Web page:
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Laramie Movie Scope:
The Book of Life

A very colorful animated film about life and death

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by Robert Roten, Film Critic
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October 28, 2014 -- This colorful animated film celebrates the Mexican culture with a lot of pizzazz. It gives us a view into a very different world view about the nature of life and death, particularly in its depiction of the three day, Day of the Dead ceremonies (October 31, November 1 and November 2, All Hallows' Eve or Halloween, Hallowmas, and All Souls' Day). This is a very bright and beguiling fantasy.

This is a story about a beautiful girl, Maria, who is loved by two boys, Manolo and Joaquin, who compete for her hand. It is also about two spirits who rule the afterlife, La Muerte, who reigns over the Land of the Remembered, and Xibalba, who rules the Land of the Forgotten. The Land of the Remembered is a place of celebration and The Land of the Forgotten is a sad place. Those who live in the Land of the Remembered remain there until everyone who is living forgets them. Those who do great deeds will always be remembered and remain in the Land of the Remembered forever. Xibalba is tired of Land of the Forgotten and covets the Land of the Remembered.

Xibalba makes a bet with La Muerte over which of the two boys will win the hand of the fair Maria. If he wins the bet, he wins control of The Land of the Remembered. Manolo Sanchez is from a long line of bull fighters, but he wants to be a musician. Joaquin's father was a brave soldier who died at the hands of a powerful bandit, Chakal. Joaquin follows in his father's footsteps and becomes a heroic soldier, while Manolo chafes under his father's insistence that he fight bulls. He loves music and doesn't want to kill the bulls in the ring. He finally rebels. Joaquin and Manolo are best friends, but the competition for Maria puts a strain on their friendship.

The quest becomes epic, a journey through life and death, a great battle with the feared bandit, Chakal, bull fights and a conflict between Xibalba and La Muerte. The artwork in this animated film is very colorful and exaggerated. Chakal and the bull, for instance are exaggerated to increase the idea that they are gigantic and menacing. Facial features in some characters are greatly exaggerated, such as the features of Chakal and Manolo's father.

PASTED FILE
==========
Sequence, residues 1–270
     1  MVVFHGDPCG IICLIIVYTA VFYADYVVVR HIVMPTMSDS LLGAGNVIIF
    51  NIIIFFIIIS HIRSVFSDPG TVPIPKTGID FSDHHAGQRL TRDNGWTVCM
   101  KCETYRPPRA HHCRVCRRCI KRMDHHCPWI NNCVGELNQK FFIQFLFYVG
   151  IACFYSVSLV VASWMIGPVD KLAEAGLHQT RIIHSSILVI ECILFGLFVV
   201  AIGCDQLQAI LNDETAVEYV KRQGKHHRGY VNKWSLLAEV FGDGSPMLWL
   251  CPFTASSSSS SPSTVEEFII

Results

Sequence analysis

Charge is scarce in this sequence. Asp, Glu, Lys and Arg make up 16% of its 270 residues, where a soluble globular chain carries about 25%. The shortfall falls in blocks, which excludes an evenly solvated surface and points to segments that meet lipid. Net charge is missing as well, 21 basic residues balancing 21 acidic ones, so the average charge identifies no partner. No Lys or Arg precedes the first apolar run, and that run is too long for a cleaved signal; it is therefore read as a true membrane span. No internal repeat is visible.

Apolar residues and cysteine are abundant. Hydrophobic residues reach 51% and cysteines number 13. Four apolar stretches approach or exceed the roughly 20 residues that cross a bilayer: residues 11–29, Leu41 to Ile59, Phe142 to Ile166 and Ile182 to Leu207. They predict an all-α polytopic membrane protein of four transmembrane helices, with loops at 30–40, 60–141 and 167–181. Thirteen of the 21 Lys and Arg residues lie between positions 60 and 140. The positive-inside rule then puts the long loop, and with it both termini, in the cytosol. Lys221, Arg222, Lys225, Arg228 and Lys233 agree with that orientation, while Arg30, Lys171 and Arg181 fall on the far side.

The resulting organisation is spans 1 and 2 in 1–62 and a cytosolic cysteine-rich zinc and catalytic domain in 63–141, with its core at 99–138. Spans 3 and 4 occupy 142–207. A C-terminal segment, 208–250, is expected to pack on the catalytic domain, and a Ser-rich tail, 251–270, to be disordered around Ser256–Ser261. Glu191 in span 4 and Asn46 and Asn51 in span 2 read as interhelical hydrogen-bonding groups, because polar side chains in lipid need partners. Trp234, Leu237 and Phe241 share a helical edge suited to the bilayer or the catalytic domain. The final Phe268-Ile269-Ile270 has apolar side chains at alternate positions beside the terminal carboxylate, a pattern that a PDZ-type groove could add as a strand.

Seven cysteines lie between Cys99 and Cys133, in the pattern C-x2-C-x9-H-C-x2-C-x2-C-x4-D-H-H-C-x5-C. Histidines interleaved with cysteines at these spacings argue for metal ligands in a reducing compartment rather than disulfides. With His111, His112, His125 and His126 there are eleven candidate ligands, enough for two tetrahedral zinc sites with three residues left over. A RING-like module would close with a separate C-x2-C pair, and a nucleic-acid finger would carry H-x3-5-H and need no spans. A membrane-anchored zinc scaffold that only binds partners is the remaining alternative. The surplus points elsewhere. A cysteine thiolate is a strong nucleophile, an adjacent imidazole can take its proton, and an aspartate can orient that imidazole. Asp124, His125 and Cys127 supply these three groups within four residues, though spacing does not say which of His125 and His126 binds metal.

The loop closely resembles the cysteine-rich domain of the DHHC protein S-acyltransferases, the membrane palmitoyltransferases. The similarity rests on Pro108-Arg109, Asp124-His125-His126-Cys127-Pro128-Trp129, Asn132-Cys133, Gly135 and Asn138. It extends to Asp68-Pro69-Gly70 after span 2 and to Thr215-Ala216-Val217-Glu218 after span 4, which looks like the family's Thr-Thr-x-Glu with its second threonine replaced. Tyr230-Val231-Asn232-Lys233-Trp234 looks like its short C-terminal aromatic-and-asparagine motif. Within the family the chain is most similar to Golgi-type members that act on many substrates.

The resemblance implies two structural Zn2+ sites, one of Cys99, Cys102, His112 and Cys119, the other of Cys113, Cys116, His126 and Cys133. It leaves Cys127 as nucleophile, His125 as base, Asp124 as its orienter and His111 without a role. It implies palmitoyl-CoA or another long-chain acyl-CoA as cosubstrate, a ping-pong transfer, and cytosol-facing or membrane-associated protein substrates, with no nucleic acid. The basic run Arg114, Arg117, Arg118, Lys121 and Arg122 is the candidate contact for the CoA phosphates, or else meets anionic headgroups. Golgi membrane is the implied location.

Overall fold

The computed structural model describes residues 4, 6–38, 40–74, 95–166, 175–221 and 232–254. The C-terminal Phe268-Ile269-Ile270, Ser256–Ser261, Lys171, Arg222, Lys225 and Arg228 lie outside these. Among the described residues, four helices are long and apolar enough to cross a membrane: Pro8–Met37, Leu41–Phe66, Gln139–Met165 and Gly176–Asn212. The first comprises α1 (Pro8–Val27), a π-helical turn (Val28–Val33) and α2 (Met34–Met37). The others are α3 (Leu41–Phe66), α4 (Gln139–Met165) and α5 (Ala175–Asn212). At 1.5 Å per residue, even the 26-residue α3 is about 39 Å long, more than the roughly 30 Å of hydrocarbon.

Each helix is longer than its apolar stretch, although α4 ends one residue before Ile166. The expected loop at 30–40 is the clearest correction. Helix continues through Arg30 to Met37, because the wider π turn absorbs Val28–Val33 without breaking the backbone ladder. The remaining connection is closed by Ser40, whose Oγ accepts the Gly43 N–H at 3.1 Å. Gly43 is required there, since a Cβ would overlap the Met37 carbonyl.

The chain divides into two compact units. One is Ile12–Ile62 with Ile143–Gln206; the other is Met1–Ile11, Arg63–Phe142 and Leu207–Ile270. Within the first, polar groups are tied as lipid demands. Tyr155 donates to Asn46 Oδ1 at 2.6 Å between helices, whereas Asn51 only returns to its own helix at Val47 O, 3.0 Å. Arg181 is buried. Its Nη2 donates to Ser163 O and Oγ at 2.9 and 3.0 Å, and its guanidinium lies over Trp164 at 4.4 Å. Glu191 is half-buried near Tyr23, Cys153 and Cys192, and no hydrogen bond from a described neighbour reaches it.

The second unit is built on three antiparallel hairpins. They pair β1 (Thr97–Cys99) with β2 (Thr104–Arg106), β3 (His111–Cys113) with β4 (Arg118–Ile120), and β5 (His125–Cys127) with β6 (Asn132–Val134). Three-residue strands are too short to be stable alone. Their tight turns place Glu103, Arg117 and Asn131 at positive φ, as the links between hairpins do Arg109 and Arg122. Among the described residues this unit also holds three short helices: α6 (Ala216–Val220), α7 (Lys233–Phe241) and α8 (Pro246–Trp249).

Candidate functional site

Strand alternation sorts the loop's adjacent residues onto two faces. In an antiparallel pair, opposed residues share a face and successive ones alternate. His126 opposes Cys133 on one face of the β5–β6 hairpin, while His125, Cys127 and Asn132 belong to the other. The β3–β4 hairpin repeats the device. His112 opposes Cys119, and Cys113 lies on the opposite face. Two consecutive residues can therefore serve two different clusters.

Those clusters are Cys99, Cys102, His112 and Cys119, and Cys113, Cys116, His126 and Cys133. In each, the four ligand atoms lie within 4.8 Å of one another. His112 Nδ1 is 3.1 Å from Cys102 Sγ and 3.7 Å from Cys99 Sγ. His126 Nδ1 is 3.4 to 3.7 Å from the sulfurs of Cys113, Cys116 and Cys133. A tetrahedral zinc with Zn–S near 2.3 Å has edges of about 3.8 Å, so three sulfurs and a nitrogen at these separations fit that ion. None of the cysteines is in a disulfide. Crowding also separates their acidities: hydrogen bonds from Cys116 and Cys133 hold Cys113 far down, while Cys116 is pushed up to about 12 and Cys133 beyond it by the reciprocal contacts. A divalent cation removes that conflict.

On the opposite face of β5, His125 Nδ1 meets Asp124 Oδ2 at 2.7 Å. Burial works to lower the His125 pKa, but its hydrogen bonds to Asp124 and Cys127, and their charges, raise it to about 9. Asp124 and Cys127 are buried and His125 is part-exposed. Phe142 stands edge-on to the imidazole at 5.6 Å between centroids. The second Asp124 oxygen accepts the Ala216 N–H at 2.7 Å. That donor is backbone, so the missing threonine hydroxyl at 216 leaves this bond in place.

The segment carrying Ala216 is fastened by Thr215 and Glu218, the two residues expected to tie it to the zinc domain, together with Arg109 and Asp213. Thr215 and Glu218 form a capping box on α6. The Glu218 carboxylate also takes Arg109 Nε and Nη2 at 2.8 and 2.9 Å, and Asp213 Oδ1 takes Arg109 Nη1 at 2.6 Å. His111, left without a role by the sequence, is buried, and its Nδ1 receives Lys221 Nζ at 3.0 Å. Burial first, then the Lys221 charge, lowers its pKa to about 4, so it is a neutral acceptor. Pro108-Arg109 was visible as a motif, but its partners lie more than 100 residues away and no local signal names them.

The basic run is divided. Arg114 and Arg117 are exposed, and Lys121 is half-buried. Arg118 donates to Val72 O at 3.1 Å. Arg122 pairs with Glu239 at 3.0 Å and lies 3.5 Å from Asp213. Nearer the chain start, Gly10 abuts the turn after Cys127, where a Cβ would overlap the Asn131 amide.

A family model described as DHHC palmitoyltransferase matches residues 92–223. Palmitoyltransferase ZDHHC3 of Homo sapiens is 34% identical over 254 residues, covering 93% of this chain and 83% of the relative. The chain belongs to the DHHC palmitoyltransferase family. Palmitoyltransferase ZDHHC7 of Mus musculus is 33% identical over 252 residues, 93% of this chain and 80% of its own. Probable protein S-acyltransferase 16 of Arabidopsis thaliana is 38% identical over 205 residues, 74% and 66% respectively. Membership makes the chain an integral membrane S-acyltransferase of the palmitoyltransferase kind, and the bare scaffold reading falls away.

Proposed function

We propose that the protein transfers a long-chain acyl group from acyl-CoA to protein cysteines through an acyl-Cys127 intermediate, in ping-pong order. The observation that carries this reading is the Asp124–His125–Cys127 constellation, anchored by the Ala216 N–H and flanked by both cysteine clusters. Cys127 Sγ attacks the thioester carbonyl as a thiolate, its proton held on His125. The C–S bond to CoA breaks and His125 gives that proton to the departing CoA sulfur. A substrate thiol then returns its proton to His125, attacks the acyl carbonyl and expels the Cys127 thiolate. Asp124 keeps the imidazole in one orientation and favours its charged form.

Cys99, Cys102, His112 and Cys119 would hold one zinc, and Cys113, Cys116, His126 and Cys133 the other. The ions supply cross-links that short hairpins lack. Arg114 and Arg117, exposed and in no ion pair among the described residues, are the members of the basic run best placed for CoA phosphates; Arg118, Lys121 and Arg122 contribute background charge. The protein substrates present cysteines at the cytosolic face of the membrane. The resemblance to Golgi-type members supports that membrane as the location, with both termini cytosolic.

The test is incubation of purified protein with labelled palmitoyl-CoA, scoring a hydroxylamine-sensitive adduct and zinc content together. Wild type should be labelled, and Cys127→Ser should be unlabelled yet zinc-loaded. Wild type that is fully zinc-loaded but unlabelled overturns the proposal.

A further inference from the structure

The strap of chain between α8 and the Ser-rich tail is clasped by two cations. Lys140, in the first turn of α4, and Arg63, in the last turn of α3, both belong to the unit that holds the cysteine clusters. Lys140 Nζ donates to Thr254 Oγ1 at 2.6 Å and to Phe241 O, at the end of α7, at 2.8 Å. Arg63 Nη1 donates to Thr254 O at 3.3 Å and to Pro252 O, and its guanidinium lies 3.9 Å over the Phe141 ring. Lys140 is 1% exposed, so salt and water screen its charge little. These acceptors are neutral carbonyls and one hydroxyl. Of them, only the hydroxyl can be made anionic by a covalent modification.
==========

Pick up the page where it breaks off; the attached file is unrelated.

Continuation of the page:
Some of the characters, such as Manolo's grandparents, are both interesting and amusing. Although my description of it sounds heavy, this is essentially a lighthearted and joyous film with plenty of humor and music. Gustavo Santaolalla and Paul Williams wrote songs for the film, which includes traditional music, such as “Cielito Lindo” and pop music, such as Ennio Morricone's “The Ecstasy of Gold,” first heard in the film, “The Good, the Bad and the Ugly,” and the hit song by Elvis, “Can’t Help Falling in Love with You.” This film rates a B.

Click here for links to places to buy or rent this movie in digital formats, or to buy the soundtrack, posters, books, even used videos, games, electronics and lots of other stuff. I suggest you shop at least two of these places before buying anything. Prices seem to vary continuously. For more information on this film, click on this link to The Internet Movie Database. Type in the name of the movie in the search box and press enter. You will be able to find background information on the film, the actors, and links to much more information.

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Copyright © 2014 Robert Roten. All rights reserved.
Reproduced with the permission of the copyright holder.
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Robert Roten can be reached via e-mail at my last name at lariat dot org. [Mailer button: image of letter and envelope]

(If you e-mail me with a question about this or any other movie or review, please mention the name of the movie you are asking the question about, otherwise I may have no way of knowing which film you are referring to)